Maiello: Where Your Tax Dollars Go
Doc Cleveland: Copyright vs. Truth
One lesson of this tale is that capitalism doesn’t really work when it relies on the profit motive alone. If everybody is just chasing material self-interest, the invisible hand won’t lead to well-functioning markets. It will just lead to arrangements in which market insiders take advantage of everybody else. Capitalism requires the full range of motivation, including the intrinsic drive for knowledge and fairness.
This is the reasonable sounding "just getting started" paragraph, but you no doubt see the problem... [Read more]
Brendan Eich was appointed CEO of Mozilla, his donation in support of Prop 8, a proposed anti-same sex marriage in California came to light, many Mozilla employees and users loudly objected to the boss's politics and Eich stepped down. [Read more]
Today, Mark Zuckerberg took some of the money raised in Facebook's IPO and used it to buy the immersive experience of Oculus, something of an iPad that you jam onto your face so that you can wander around in your own personal Holodeck. That's right, I'm old and this technology scares me. What's next, laser swords? [Read more]
The one somewhat decent idea I had during theatre history class many years ago was that Aristotle's Poetics had managed to identify nothing more than a Tragic Mean and that if a writer followed Aristotle's rules perfectly they were more likely to write something average than remarkable. Around this time I was also taking a lot of writing classes and reading books by people who offered structural advice for writers -- it was all based on Aristotle, though updated. Aristotle told us what all the memorable Greek tragedies had in common. Syd Field told us what all of the Hollywood blockbusters had in common. Art is about knowing when to follow the rules and when to break them. [Read more]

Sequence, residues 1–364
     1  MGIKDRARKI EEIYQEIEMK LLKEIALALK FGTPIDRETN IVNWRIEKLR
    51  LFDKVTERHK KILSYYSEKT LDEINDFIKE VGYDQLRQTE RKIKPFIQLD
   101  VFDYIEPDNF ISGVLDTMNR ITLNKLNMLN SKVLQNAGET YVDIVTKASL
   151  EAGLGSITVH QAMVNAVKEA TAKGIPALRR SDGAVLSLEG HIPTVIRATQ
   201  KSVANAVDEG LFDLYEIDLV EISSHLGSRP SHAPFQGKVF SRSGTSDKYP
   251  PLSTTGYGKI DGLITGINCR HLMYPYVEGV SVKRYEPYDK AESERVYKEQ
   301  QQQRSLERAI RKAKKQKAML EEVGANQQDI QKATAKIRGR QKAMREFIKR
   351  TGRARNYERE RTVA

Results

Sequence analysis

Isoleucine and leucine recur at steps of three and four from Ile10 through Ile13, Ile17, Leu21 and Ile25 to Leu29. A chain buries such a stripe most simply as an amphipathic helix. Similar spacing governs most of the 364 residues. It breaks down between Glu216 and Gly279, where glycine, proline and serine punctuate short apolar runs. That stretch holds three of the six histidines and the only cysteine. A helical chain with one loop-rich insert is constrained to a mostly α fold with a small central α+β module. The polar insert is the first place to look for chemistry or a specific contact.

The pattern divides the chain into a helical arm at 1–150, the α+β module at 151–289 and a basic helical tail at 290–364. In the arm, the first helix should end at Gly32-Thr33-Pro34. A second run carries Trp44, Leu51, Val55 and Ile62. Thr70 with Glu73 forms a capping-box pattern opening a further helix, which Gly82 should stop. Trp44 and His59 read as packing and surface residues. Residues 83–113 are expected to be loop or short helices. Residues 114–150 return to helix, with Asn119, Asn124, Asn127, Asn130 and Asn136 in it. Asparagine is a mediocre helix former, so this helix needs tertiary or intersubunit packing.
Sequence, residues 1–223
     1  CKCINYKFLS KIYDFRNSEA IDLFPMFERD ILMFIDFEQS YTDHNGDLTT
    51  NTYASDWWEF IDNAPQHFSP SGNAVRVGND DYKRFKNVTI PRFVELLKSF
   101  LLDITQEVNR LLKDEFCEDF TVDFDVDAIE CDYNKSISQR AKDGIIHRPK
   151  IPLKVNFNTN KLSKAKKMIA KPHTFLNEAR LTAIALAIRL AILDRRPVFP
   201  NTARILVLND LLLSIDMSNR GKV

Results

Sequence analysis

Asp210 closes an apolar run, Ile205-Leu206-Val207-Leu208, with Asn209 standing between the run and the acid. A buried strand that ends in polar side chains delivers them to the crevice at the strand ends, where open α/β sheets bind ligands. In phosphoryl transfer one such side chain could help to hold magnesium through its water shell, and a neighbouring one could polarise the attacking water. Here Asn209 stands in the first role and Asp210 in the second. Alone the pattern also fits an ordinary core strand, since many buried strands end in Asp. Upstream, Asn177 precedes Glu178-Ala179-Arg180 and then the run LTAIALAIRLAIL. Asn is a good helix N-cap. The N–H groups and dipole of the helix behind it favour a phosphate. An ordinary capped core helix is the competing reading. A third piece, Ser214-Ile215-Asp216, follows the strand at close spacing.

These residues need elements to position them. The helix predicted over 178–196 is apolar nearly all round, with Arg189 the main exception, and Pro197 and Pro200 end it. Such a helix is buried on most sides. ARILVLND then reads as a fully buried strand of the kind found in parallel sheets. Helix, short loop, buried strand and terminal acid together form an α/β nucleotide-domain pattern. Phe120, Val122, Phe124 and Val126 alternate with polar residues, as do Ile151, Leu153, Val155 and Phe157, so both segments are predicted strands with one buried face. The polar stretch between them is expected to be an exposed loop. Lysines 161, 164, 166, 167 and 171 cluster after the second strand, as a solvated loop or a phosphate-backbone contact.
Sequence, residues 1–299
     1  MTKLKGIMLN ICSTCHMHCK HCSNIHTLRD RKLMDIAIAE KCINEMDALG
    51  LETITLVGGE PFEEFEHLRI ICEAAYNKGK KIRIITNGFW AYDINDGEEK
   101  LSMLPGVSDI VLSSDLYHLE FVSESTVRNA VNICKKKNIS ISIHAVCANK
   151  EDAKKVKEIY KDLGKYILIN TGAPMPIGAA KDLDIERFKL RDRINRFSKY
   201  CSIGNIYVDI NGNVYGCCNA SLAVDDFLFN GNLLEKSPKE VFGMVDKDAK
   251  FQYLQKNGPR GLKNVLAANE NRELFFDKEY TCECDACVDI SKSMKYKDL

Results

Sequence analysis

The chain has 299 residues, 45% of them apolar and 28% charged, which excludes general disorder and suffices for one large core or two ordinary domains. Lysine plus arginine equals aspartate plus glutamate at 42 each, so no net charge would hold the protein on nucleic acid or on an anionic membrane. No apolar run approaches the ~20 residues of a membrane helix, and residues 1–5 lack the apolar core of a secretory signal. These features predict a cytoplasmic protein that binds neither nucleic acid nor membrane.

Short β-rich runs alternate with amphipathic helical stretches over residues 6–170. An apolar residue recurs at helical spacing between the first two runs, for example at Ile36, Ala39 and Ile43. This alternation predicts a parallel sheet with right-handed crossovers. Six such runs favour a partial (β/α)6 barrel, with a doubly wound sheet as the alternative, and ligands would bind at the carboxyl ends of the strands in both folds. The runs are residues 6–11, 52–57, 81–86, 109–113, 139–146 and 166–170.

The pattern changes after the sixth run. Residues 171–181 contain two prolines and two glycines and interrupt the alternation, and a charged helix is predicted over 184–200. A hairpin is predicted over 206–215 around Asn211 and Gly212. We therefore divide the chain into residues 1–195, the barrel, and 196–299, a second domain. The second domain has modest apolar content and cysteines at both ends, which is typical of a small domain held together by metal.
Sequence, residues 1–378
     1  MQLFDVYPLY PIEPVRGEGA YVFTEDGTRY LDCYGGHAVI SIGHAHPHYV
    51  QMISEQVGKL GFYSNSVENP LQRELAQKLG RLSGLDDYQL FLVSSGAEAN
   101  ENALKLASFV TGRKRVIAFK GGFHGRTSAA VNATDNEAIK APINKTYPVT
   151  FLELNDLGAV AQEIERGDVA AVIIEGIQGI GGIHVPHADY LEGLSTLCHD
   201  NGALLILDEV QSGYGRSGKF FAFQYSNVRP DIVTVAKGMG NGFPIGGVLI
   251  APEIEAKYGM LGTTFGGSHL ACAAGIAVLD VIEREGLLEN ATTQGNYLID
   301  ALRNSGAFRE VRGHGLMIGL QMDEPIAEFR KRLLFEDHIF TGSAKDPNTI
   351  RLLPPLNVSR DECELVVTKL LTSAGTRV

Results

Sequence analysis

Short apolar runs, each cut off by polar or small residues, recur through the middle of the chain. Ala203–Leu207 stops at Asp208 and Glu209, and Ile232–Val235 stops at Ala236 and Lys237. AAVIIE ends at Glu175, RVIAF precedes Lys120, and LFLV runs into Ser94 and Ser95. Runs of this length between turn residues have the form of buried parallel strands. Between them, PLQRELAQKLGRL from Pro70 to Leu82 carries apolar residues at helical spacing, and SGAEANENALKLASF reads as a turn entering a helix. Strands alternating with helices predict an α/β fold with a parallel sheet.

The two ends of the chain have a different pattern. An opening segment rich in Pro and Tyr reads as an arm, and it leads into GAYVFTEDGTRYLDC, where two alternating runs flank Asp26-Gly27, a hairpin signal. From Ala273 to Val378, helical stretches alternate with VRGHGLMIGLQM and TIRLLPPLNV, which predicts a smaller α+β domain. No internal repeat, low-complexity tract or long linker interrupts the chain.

A couple of years back I started writing a bunch of short sketches where old stories, with some of the old tropes, found themselves recast in modern times. It all ended with Troy! Troy! Troy! a retelling of the Trojan War with the twist that faulty intelligence led the Greeks to invade Troy only to wind up in a quagmire after learning that Helen was never there. As it turns out, Euripides beat me to this premise by a rather long margin. [Read more]
...it is real and Ms. and Mr. Destor did it. On the news.
I don't usually agree with Anne Applebaum, a hawkish, right-wing foreign policy thinker, but she brings up an interesting point about the London Stock Exchange listing of Rosneft, back in 2006. The LSE offered legitimacy to a company built by Putin's expropriation of Yukos, a company run by a Russian oligarch who probably wasn't quite the white hat he's been made out to be since running afoul of Russia's elected strong man. [Read more]
I am cleaning out my workspace, in preparation for messing up a new one and I came across a pamphlet I have been carrying around ever since it was given to my by Robert Lenzner, then national editor of Forbes in 2000. It is called Life Without Treasury Securities and was written by Albert M. Wojnilower an economist and then advisor to Monitor Clipper Partners, a private equity firm and Craig Drill Capital, a long-lived hedge fund.
"In the year 2013, according to the new Federal budget, the U.S. Government will have retired the public debt." [Read more]
I have to admit that this sentiment has been on the tip of my tongue for a long while. Brett Easton Ellis just comes out and says to Vice that:
"You have to understand that I’m coming to these things as a member of the most pessimistic and ironic generation that has ever roamed the earth. When I hear Millennials getting hurt by "cyber bullying," or it being a gateway to suicide, it’s difficult for me to process. A little less so for my boyfriend, who happens to be a millennial of that age, but even he somewhat agrees with the sensitivity of Generation Wuss." [Read more]